Abraham: The First Historical Biography

David Rosenberg, Author . Basic $26.95 (342p) ISBN 978-0-465-07094-7

Despite the subtitle, much of Rosenberg's fascinating and sometimes frustrating presentation of the biblical Abraham's life, while based on archeological evidence, is highly speculative. What Rosenberg does establish is a cultural context for Judaism's founder. Abraham, he says, would have been steeped in the sophisticated culture of his native Sumer, with its emphasis on history and continuity. The earliest of the biblical authors, called J (who was a woman, as Rosenberg postulated, with Harold Bloom, in The Book of J ) would have known that culture, and Rosenberg analyzes how it informs her narrative. Abraham's new God, Yahweh, according to Rosenberg, was a blend of his old Sumerian household god and the creator god he found in Canaan; with Yahweh, Abraham created a new "cosmic theater" to replace the one Sumerians had enacted with their idols. Rosenberg's discussion can be dense and confusing as he switches over to considering the artistic and historical motives of J and two other biblical authors, known as E and P. But the book opens up into a compelling and moving interpretation that ponders the significance, for Abraham and his descendants, of his journey from Ur to Canaan, fraught with uncertainty for a man—expatriate, aging, childless—hanging between a lost past and a still unmapped future. (Apr. 3)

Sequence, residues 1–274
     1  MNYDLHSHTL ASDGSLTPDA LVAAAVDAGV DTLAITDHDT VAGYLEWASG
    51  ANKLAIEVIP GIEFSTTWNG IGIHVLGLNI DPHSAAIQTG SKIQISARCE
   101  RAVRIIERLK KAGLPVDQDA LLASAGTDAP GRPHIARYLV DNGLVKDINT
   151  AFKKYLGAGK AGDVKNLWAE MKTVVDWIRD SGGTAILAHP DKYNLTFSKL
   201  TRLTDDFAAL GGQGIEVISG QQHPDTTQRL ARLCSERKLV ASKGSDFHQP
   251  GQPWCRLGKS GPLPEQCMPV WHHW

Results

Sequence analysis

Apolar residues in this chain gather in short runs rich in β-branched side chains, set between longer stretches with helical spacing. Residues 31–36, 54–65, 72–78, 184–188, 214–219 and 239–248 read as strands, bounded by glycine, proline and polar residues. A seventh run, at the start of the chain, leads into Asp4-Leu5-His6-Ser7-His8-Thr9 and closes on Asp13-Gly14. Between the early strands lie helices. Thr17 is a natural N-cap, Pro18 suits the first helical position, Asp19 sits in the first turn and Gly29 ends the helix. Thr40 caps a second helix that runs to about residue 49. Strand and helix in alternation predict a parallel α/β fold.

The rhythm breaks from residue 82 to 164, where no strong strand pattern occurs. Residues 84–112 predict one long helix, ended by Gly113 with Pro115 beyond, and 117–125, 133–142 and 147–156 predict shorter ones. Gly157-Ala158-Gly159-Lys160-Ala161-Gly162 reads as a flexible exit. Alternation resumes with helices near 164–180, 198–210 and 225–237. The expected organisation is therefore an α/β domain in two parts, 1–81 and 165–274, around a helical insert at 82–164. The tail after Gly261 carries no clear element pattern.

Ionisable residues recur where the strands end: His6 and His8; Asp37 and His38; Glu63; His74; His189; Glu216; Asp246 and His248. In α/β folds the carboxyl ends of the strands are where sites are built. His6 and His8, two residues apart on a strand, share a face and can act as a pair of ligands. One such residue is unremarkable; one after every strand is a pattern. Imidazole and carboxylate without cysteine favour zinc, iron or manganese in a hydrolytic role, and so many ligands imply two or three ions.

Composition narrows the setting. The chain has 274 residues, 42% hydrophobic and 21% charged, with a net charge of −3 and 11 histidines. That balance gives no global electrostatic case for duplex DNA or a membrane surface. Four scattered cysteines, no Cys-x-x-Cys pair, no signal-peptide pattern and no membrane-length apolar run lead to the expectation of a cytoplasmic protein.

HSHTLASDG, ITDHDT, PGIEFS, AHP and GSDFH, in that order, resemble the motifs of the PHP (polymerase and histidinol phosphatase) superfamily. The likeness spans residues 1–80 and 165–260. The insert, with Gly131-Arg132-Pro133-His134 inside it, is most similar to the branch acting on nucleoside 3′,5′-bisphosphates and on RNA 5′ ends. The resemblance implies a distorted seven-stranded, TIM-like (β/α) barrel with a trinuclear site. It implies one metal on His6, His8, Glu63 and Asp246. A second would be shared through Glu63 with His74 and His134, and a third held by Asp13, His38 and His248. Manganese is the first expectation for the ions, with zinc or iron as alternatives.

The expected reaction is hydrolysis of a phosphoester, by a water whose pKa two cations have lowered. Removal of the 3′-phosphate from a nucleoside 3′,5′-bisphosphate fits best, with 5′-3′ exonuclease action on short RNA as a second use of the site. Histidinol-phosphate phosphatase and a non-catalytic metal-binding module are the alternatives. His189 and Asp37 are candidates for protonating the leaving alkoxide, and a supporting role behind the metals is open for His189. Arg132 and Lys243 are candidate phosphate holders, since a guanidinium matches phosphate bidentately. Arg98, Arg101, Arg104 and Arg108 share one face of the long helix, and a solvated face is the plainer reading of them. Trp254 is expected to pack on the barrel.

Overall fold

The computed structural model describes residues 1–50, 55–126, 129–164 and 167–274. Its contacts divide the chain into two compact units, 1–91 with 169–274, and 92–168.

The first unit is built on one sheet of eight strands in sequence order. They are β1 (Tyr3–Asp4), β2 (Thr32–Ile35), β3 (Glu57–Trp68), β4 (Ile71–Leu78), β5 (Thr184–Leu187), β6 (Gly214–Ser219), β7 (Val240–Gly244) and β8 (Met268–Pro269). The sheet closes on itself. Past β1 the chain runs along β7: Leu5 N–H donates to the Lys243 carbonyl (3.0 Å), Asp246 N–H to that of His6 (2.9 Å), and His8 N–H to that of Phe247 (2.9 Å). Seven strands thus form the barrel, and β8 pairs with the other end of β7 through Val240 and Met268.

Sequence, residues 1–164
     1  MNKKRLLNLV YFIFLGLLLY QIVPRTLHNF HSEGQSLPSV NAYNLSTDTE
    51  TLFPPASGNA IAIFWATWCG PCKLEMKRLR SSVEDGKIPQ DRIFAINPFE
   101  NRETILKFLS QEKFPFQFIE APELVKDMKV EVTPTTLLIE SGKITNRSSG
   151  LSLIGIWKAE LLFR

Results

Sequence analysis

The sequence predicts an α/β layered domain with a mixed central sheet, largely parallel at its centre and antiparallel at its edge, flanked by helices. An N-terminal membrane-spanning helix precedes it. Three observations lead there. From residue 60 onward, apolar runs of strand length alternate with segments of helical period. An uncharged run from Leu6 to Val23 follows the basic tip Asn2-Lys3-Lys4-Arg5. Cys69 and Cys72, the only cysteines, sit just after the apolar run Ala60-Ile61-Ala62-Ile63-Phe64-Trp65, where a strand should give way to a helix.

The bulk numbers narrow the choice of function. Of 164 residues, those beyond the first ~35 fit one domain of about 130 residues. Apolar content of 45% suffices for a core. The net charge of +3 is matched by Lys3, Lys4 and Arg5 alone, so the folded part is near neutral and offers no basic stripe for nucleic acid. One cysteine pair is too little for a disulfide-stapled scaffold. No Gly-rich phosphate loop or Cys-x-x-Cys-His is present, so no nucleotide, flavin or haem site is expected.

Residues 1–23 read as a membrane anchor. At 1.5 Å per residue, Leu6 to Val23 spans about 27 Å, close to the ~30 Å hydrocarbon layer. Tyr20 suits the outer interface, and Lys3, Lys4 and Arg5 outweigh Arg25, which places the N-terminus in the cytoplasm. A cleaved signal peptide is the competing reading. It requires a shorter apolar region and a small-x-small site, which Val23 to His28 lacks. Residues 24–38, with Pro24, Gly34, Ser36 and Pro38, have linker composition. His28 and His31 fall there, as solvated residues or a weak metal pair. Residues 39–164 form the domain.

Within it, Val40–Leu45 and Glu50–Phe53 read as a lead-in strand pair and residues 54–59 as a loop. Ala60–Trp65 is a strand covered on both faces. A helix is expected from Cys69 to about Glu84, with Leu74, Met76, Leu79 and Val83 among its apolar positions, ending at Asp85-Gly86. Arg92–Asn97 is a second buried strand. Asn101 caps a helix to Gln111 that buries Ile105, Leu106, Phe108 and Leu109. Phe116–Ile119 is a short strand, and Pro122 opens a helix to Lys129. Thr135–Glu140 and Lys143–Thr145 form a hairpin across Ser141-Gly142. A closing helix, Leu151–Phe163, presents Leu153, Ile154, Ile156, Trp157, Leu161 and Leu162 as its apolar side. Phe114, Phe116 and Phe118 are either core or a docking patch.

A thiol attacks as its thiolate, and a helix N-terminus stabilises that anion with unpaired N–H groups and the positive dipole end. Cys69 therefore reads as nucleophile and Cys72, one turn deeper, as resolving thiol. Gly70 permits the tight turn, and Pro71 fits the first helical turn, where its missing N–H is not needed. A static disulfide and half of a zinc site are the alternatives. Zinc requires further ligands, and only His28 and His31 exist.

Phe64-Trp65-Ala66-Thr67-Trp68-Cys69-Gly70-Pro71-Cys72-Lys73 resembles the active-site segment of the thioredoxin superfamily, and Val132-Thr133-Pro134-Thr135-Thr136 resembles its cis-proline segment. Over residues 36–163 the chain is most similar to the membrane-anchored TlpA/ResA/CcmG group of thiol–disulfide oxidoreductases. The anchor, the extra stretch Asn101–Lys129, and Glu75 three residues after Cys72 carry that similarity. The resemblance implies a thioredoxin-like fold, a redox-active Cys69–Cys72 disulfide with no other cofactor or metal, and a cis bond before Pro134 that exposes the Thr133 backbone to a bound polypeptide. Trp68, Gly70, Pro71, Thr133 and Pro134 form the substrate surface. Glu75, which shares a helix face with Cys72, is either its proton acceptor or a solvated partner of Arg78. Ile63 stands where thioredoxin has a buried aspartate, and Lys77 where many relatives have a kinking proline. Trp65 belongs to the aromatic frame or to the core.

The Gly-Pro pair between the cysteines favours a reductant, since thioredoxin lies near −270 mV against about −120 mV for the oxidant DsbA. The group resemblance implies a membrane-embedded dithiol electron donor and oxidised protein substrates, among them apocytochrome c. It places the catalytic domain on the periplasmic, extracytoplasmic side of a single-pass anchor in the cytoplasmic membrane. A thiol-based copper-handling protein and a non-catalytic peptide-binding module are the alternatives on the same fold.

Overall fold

Reviewed on: 02/27/2006
Release date: 04/01/2006
Genre: Nonfiction
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